Chris Ceppi has gone further in explaining his ideas around ‘Identity Reform’. And now I understand the interesting point he is making. We are talking about technological reform.
In an earlier post I referenced the work of Frank Luntz, a Republican pollster and wordsmith who has, regrettably since I often find myself at odds with his positions, been very successful at promoting legislative initiatives by correctly determining the most compelling words to use to promote them. Luntz has done loads of research showing the dramatic effect using different words can have on how the same idea is received. A few notable examples from politics in last few years include:
- Eliminating the “Estate Tax” is much less popular than eliminating the “Death Tax” – same legislation, broader appeal since everyone dies, but not everyone has an estate worth worrying about.
- “Welfare Cuts” raised fears and were not popular, “Welfare Reform” (including cuts) passed with broad support under Clinton.
- Social Security “Phase out” is a non starter, “Private Accounts” are less unpopular but still better than “Privatization”.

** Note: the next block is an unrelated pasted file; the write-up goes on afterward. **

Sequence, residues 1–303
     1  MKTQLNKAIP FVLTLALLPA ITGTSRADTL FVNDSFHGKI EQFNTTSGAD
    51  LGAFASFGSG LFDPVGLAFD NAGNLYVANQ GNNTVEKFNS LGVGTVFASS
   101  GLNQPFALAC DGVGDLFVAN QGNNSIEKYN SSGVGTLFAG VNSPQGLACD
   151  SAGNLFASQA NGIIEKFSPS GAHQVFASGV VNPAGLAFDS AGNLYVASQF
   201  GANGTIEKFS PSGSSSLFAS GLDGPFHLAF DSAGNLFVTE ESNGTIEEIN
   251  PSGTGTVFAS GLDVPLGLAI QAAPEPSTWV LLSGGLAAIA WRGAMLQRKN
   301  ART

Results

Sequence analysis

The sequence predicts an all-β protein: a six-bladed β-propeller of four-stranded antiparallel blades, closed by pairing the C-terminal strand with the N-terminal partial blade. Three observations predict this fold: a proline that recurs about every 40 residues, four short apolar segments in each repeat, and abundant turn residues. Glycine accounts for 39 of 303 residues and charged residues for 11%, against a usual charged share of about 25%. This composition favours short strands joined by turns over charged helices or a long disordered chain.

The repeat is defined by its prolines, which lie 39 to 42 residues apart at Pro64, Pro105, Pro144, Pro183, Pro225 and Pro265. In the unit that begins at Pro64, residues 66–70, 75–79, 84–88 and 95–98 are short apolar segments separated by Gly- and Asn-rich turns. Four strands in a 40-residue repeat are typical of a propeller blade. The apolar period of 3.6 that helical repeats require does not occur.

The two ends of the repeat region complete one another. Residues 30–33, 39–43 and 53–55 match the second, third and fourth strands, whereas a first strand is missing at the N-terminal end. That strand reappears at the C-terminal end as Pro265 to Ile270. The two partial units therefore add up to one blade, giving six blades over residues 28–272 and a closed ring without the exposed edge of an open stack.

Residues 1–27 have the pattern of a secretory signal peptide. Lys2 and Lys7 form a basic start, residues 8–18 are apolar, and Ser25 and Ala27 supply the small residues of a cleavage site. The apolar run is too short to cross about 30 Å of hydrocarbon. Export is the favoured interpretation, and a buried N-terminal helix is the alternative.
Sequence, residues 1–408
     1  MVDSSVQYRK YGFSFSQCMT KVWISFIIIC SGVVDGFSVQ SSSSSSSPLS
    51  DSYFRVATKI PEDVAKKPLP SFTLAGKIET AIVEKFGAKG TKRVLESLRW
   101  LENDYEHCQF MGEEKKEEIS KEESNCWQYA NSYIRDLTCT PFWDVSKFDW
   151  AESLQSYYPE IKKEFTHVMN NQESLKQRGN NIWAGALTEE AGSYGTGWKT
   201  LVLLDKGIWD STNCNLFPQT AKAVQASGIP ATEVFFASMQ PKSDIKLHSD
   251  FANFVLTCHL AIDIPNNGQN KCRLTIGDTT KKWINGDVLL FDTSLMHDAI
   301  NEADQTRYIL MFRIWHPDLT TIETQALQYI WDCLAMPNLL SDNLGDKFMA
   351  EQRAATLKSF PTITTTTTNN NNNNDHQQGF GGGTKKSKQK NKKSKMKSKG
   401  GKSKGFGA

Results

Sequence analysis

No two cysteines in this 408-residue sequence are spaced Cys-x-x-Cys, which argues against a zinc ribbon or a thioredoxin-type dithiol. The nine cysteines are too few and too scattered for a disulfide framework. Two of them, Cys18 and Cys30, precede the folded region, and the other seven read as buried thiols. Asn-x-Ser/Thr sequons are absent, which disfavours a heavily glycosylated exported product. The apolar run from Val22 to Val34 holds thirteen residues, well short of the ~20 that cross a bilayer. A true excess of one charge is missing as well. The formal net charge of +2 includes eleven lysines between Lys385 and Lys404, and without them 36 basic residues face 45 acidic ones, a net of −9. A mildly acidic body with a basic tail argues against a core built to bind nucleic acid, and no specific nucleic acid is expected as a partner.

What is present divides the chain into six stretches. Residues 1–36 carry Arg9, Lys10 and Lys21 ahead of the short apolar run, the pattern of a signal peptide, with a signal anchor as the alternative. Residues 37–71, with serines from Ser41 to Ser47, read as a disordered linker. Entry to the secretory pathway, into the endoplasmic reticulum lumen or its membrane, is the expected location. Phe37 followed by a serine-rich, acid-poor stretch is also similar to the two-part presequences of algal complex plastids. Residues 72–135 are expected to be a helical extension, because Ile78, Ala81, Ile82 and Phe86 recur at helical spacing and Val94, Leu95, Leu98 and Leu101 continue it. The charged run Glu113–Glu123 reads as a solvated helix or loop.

The connotations triggered by word choice can ultimately determine whether an idea flies in the mainstream or not – this is why Luntz makes a good living helping Republican politicians craft the language they use to market less than popular initiatives. Given the high degree of suspicion of new identity technology (see ACLU Pizza, attitudes toward Microsoft, etc.) in the general public, I think it is important for those of us developing new technology in this space to be very conscious of the language we use to frame our work.
My view is that the technical innovation surrounding identity is, in fact, part of an ad hoc reform effort. The technical systems, business practices, and regulatory regimes that currently touch identity are primitive and badly broken – these systems and practices need to be upgraded to better serve the interests of important stakeholders.
So what is the most compelling way to communicate the need for technical innovation in the current climate of mistrust and borderline paranoia about identity? Emphasizing the sorry state of the status quo and calling for ‘Identity Reform’ is my current best guess.
These days I'm really focussed on the need to develop a cross-platform system embracing technical alternatives that allow users to select specific variants which ‘work best’ for them. We need to think in terms of an “identity bus” that allows individuals and organizations to “plug in” such alternatives. I see the emergence of these alternatives as being the essential vehicle by which all the relevant parties can posit and influence our digital identity future.
Doing in this could indeed be called a reform of the current chaotic and primitive status quo.